Millennials: Do You Really Have Anything To Complain About?


They’re easily written off as “Generation Snowflake”, but comedian Conor Drum thinks millennials have a lot to cope with. From facing the prospect of never owning a home to being the last lonely singleton in your friendship group, no wonder there’s been a rise in the “quarter-life crisis”.

On the other hand, there’s veteran comedian Stuart Black, who’s barely clawed his way through decades of drugs, drink and hedonism, and picked up a few hard-won life lessons on his journey to sobriety and sanity.

See what they have to say:

Conor Drum

I got into avocados around the time I realised home-ownership was less likely than a lottery win. Avocados are versatile, easier to come by than a down payment for a mortgage and a symbol of this generation’s financial ineptitude. I can see why they are so popular amongst “the kids”.

Generational inequality has concerned me for a while now. Sadly, our elders will never get to experience driverless cars, teleportation or digitally-based eternal life. In exchange, most of us will never experience homeownership, job security, a decent pension or hope for the future.


You see economics works like this now: our parents earned that money their house is now worth, regardless of it being twenty times what they paid for it. Your expectations are too high, that’s what the problem is. That degree you are still paying off was free in their day but that’s your fault for trying. That entry-level job they started with is now an internship, because young people are lazy. That bedsit they stayed in for a few quid a month when they first moved out is now over half your monthly income after tax. But that’s because their generation are amazing at business and yours is spoilt. Remember that.

So what can we do? Stop wasting money on luxuries like fresh fruit? Sell some organs? Have a revolution? I don’t think we need to go that far. There’s no choice but to work harder than they ever had to and deal with it. But just a little understanding from the generation above wouldn’t go astray. It’s in their interest – after all we will be picking their care homes…although they’ll have to pay for them.

Last month my phone got stolen by a gang of moped-lads. In my mind – from watching too many YouTube clips – I was mentally prepared for a robbery like this, whereby I would spin kick the ringleader in the nuts and escape on one of their mopeds. I gave chase, but because I was carrying a backpack and a banging hangover, I got about ten steps before I resigned myself to the fact that the phone was gone and I was sweaty.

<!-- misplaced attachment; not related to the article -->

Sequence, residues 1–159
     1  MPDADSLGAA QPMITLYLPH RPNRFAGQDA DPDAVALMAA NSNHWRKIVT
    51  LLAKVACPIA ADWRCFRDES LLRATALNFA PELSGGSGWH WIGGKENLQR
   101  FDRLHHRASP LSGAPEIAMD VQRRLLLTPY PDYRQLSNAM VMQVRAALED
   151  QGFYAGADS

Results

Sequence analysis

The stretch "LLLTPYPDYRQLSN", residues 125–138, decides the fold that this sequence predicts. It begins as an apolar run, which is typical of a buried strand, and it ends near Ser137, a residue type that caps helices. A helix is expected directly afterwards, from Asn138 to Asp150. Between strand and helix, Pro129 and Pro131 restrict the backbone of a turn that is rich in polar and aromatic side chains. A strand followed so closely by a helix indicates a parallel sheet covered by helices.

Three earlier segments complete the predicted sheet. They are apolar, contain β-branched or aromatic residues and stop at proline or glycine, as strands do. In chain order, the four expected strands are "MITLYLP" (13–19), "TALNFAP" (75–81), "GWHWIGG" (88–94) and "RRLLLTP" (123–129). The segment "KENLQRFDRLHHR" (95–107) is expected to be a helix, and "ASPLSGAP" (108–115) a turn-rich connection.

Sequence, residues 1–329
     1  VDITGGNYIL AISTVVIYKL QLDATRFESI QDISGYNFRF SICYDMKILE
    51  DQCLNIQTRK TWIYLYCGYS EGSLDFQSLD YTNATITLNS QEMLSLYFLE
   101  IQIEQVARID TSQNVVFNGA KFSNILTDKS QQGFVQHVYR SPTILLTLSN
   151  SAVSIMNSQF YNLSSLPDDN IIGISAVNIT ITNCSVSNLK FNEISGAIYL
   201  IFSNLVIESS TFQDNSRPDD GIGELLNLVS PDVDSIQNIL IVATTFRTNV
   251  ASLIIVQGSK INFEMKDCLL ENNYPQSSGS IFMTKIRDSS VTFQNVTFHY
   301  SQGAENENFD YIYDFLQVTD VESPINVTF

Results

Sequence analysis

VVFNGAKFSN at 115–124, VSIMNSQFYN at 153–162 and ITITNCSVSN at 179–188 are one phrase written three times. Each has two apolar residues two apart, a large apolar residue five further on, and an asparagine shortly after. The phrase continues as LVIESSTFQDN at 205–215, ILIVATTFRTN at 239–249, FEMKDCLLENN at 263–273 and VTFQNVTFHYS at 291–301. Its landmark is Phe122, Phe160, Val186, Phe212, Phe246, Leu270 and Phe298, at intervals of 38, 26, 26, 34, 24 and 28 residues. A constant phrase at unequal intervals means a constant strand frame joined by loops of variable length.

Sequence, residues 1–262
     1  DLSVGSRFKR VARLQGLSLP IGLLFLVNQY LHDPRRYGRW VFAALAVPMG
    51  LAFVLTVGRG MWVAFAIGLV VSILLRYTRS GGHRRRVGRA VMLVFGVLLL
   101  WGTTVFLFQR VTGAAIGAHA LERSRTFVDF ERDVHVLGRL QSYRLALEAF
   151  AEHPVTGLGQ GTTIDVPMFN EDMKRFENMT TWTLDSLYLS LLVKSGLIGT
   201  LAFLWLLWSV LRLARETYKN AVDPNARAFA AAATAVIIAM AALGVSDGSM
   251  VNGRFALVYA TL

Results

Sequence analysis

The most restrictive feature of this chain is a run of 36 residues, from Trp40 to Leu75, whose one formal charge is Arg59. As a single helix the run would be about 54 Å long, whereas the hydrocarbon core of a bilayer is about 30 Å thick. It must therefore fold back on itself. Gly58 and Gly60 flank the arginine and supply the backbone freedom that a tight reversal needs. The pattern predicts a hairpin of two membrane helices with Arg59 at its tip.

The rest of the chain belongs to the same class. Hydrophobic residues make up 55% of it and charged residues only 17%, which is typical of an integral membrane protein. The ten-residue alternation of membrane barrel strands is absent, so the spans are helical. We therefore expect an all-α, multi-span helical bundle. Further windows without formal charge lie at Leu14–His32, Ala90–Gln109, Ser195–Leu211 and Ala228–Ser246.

The worst part of the robbery was that I had nearly finished paying off my phone contract. This was my first experience of building equity. It was my pathetic little nest egg. When my dad was my age, his equity was the house where his wife and kids lived, that he bought on a single income with no degree.

Stuart Black

Oh Conor, Conor, Conor (and other Millenials reading this). Life is tough. I’ll give you that. I’m from Generation X, and I guess I’m supposed to give you some advice about how life works, and how you “don’t realise how good you have it”. But the thing is…

You’re actually sort-of correct. You have been f*cked over. What a world you’ve been given.

I really want to give you some tips but you wouldn’t listen. I know this because when I was your age, a middle-aged man took me aside for some ‘sage advice’. The sage advice was: mix it with onion, and make stuffing (Paxo). But I didn’t listen. I was too busy thinking about my hand-held device. And by that I mean penis (the original hand-held device).

I did grow up surrounded by the golden opportunities that are not available to you, like affordable houses and free education but, believe it or not, I couldn’t see them. Those things are only obvious looking back from the future. Thirty years from now you’ll look back and wonder how you missed yours. I missed all mine. I failed my exams, and went on the dole for five years. So when a lot of Xers were stockpiling real estate, and destroying the ozone layer, I was getting off my tits on LSD, and experimenting with the perfect amount of codeine to go with a litre of cider. Okay, I was also destroying the ozone layer due to my magnificent Morrissey quiff (hairspray still contained CFC’s until 1996).


It’s not all gloom for you guys though. As you say, my generation won’t be around to witness the amazing technology the future promises. Just imagine: the dawn of true artificial intelligence! It will be the jewel in the scientific crown of humankind. A mathematical miracle, born in quantum computers and installed in super-light all-terrain carbon fibre humanoids. Witnessing that is something you will have over me. Although, I do suspect they’ll be solely in the employ of the military and will one day hunt you down like dogs across the rubble of the houses you will never own.

My final thought is this:

As Millennials, you will one day leave us Xers behind, and head into the glorious future, and I suppose what I’m saying is: trust no one; make friends with a lawyer; wear shoes you can fight in; stockpile butter; and good luck. (Sorry about the Polar Bears.)

Conor Drum laments losing his final single friend in All My Friends Are Dead at the Laughing Horse @ Bar 50 at the Edinburgh Fringe, August 3-27, 6pm.

Stuart Black returns with It’s The End Of The World As We Know It at Just The Tonic @ The Tron, August 3-27 (not 14), 11.40pm. Tickets available at

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